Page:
A Loving Shelter: Giving Hope to Foster Children
In Georgia, there are more than 10,000 children who are or have been victims of abuse, neglect, or abandonment. The children find themselves either stuck in a cycle with their abusive parents or on the streets to fend for themselves.
One in 30 American children is homeless, reports NBC, and only a fraction of that number have opportunities of being put up for adoption or living in a foster home. Although many companies offer grants for group residential structures, apparently not a lot of people take advantage of it.
Sense of Urgency
From last year, the number of kids in the streets increased by 8%, a “historic high,” remarked the National Center on Family Homelessness. The numbers reached a total of about 2.5 million kids, with over of half of them just six years old or even younger.
Carmela DeCandia, co-author of the report, believes that poverty is the ultimate culprit for the homelessness of children. About 20% of American children live below the poverty line, rendering small financial setbacks immensely catastrophic to a struggling family.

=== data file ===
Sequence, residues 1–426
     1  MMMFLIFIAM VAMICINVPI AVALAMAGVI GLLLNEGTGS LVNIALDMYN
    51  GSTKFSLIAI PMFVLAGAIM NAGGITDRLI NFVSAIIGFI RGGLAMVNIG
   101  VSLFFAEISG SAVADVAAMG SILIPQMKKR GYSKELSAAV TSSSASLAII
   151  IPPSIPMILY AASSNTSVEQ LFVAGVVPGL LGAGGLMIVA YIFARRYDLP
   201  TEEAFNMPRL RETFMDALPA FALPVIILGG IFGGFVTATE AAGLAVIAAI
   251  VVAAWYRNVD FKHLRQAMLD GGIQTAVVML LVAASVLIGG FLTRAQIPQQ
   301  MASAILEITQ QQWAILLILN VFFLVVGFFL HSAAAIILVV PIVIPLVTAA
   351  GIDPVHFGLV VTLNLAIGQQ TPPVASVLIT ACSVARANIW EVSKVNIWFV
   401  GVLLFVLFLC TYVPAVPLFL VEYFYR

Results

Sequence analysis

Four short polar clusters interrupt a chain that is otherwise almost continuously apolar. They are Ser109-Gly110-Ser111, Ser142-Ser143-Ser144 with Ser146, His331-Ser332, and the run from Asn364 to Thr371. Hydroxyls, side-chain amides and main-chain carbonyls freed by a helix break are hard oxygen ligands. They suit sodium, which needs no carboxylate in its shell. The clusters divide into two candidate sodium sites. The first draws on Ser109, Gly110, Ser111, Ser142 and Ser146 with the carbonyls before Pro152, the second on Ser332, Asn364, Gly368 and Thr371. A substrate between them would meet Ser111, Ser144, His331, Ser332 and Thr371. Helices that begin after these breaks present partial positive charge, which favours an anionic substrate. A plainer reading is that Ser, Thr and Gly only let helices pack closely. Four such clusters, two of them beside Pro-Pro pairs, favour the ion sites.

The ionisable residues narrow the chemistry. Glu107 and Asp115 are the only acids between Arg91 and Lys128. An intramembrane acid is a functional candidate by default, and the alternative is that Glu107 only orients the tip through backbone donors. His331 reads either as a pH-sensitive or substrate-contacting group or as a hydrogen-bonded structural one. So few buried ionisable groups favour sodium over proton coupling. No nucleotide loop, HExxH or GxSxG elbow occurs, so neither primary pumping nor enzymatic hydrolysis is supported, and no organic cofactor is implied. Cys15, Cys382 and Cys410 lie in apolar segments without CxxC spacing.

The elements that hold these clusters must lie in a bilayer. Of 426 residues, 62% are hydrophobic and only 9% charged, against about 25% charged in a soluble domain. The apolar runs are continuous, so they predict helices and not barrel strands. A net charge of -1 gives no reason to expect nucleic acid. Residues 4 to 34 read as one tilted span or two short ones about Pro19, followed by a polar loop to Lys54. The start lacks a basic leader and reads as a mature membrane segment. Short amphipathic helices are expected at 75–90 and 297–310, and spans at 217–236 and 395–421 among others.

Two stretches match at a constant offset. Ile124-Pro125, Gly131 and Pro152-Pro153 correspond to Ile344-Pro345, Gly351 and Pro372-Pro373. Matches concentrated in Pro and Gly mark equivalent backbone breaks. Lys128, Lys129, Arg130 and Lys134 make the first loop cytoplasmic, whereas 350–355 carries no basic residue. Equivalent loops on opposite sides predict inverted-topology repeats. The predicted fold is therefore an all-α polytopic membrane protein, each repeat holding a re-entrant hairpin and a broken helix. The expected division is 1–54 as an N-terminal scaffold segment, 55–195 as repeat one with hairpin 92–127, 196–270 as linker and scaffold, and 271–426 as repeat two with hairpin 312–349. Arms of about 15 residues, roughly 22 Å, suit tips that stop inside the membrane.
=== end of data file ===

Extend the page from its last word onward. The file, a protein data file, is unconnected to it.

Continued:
Kids are the collateral damage to stagnant wages and rising rents in the country’s era of economic recovery. Children affected by poverty end up chronically hungry, exhausted, or stressed, creating higher risks for mental health issues.
A Glimmer of Hope
Ascension Parish residents Courtney Dumas and her husband sought to address the dire need for foster homes as well as foster parents. They took on foster teaching roles with Together We Rise, a non-profit organization and center for foster children, to nurture the kids until they finally find their adoptive families.
Despite the emotional dent left by children who eventually leave, teachers continue to give their 110% to anyone who comes in and out of Together We Rise. What Dumas wants is to encourage more families and social groups to help children in need.
With more accessible foster opportunities, children no longer have to remain in abusive homes or roam the streets hungry. The people who make foster care possible deserve credit — because every helping hand makes a difference.